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Cutting-Edge Research in Solid State Physics


The discovery and development of new materials, the research of basic physic of topological and correlated electronic systems in solid bodies and the training of young scientists: These are the main targets of a new Collaborative Research Centre at the University of Würzburg.

Topological and Correlated Electronics at Surfaces and Interfaces or short ToCoTronics: This is the name of the Collaborative Research Centre (SFB) at the University of Würzburg that was authorized by the German Research Foundation (DFG) on 21 May. 24 scientists from four institutions of the university are participating:

Interaction between topology (blue torus) and strong correlation (electron spins, coloured arrows on a square grid): These are the ingredients for the fascinating physics of ToCoTronics.

(Graphics: Jörg Schäfer)

Molecular beam epitaxy at the Institute of Physics: In such facilities new, topological materials of highest quality are manufactured.

(Photo: Felicitas Gerhard, head of the Department of Experimental Physics III)

• the Institute of Physics (PI)
• the Institute for Theoretical Physics and Astronomy (ITPA)
• the Radiology Center for Complex Material Systems (RCCM)
• the Gottfried Landwehr Laboratory for Nanotechnology (GLLN).

The funding for the first four years comprises approximately eleven million euros; this includes almost 30 jobs for scientific young talents. Spokesman of the new SFB are Professors Ralph Claessen, head of the Department of Experimental Physics IV, and Björn Trauzettel, head of the Department of Theoretical Physics IV.

What is it about?

Many advanced technologies, such as, for example computers, mobile phones, solar cells or electric mobility are based on the physical behaviour of electrons. It is mainly two properties of these elementary particles that are important: its electric charge and its spin. The charge becomes noticeable when electrons move, i.e. when electric current flows. Modern computer chips use this property by specifically controlling small electric currents, similar to the way traffic lights or traffic police control the traffic. The spin in turn, is the name for the property of the electrons to align themselves in a magnetic field just like small compass needles. This, for example, is the basis of the function of magnetic hard disks in data storage.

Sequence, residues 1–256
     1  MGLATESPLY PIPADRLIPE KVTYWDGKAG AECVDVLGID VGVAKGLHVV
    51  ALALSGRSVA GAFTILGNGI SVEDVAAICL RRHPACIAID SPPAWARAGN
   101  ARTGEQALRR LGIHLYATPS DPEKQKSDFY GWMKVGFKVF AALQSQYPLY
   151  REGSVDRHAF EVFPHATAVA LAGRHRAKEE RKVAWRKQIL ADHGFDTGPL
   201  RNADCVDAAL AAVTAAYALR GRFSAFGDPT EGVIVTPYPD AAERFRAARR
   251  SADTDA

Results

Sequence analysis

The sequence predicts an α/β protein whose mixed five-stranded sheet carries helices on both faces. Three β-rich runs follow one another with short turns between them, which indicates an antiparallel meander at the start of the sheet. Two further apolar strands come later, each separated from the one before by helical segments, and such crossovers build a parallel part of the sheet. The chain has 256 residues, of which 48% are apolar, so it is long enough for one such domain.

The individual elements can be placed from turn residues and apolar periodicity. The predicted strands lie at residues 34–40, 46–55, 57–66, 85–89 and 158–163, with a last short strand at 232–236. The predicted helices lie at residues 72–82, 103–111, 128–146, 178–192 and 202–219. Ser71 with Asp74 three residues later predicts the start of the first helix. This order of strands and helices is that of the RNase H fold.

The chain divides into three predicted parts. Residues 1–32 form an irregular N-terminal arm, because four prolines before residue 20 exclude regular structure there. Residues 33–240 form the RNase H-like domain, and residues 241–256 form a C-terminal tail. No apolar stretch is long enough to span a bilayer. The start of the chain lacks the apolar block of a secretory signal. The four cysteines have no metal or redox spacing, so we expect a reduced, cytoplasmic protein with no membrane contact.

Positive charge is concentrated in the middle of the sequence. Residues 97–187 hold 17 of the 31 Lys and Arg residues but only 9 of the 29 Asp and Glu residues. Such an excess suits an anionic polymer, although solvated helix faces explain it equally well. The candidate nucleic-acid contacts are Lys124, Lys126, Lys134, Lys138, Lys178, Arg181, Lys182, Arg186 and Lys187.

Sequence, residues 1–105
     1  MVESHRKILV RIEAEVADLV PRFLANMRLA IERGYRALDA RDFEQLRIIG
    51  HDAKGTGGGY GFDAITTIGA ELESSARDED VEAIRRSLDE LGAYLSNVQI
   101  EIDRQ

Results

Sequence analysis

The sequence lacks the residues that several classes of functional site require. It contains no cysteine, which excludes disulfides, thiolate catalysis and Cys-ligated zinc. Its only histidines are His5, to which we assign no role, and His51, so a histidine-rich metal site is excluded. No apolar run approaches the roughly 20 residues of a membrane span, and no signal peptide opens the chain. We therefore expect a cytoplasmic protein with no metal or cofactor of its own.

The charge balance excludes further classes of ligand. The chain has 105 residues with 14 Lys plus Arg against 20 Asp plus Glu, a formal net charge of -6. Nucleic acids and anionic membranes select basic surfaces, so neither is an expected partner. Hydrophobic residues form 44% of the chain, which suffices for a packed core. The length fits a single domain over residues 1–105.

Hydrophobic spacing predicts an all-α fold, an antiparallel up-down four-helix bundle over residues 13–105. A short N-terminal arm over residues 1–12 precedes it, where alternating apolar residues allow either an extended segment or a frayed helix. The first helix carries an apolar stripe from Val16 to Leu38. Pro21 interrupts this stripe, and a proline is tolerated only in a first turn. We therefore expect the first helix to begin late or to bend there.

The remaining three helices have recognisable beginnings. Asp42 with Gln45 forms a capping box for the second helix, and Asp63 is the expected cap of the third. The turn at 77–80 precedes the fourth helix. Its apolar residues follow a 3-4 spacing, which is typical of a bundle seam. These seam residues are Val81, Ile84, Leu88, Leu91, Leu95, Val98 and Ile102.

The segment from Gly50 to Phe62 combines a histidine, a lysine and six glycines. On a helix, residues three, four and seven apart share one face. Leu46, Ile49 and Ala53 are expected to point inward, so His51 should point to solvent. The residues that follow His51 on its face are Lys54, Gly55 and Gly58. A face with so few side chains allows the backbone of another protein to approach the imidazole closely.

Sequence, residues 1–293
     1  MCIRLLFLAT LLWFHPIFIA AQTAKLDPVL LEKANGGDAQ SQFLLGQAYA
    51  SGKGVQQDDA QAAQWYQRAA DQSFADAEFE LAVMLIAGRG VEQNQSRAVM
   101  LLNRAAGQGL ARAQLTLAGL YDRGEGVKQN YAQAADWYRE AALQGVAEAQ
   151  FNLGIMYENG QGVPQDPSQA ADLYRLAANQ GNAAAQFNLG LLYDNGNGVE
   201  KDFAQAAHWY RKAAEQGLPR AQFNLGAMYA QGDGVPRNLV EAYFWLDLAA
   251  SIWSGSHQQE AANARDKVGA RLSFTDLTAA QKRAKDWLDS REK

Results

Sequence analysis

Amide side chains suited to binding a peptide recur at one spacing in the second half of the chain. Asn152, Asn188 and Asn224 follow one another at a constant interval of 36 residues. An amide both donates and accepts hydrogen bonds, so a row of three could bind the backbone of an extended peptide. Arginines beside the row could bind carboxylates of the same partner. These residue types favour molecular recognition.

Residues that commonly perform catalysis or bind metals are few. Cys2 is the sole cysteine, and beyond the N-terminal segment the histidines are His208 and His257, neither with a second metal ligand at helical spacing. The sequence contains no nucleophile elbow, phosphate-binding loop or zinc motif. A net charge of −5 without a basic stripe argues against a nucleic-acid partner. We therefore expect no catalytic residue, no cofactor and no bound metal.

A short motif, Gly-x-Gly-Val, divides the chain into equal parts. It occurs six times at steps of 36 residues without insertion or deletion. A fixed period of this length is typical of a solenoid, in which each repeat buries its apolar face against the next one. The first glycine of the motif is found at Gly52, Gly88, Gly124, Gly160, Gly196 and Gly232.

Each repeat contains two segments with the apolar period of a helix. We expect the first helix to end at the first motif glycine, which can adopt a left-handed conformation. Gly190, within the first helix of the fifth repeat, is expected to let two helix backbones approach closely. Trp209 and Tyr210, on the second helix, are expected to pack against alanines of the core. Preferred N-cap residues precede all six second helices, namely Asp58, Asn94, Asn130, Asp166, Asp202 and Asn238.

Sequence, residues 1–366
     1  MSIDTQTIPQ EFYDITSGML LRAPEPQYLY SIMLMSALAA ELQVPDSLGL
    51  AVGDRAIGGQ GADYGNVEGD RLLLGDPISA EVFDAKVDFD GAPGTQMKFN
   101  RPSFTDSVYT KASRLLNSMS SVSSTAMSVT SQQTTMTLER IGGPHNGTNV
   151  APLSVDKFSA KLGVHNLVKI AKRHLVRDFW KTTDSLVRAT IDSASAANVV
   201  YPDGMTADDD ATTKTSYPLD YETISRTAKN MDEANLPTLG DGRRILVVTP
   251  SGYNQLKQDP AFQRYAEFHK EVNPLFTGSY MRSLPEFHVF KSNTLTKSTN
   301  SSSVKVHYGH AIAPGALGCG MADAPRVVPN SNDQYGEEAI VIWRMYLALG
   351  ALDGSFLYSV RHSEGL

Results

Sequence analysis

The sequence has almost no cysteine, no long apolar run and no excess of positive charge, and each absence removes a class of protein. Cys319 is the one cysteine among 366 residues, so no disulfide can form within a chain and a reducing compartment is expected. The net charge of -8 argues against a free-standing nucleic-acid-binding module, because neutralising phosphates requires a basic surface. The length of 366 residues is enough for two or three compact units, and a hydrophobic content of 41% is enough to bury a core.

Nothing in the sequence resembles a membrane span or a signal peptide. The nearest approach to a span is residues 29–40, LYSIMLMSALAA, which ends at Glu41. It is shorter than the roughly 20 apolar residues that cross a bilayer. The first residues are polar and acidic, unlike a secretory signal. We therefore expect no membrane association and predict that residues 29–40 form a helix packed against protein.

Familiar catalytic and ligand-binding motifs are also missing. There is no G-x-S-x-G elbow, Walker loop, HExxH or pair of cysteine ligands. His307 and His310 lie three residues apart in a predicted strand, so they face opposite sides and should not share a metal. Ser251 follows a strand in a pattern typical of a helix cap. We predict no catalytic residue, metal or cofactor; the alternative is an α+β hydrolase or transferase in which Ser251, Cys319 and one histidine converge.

The physical rules according to which charge and spin can be manipulated in the modules of today’s computer technology are well known and mastered. However, to achieve higher performance, increasingly smaller modules are required. Continuing miniaturisation though, pushes established rules increasingly to its limits and they are replaced by quantum physical laws. Thus, for example, the mutual repulsion of the negatively charged electrons is increased; this leads to electronic correlations and the development of complex phases which actually cannot exist in interactive systems. Ferromagnetism is a prime example that we encounter frequently, even in everyday life.

Another phenomenon that hardly plays a role in conventional electronics is the mutual influencing of spin and moving charge - an effect that is the result of Einstein’s theory of relativity and which leads to new behaviour that is described with the term topological physics. The origin of the name is due to the fact that topological materials can be classified by the mathematical concept of topology. On the inside of such materials they behave just like ordinary solid bodies, for example, like insulators, but on their surface something surprising happens: A topological insulator suddenly becomes a good electrical conductor.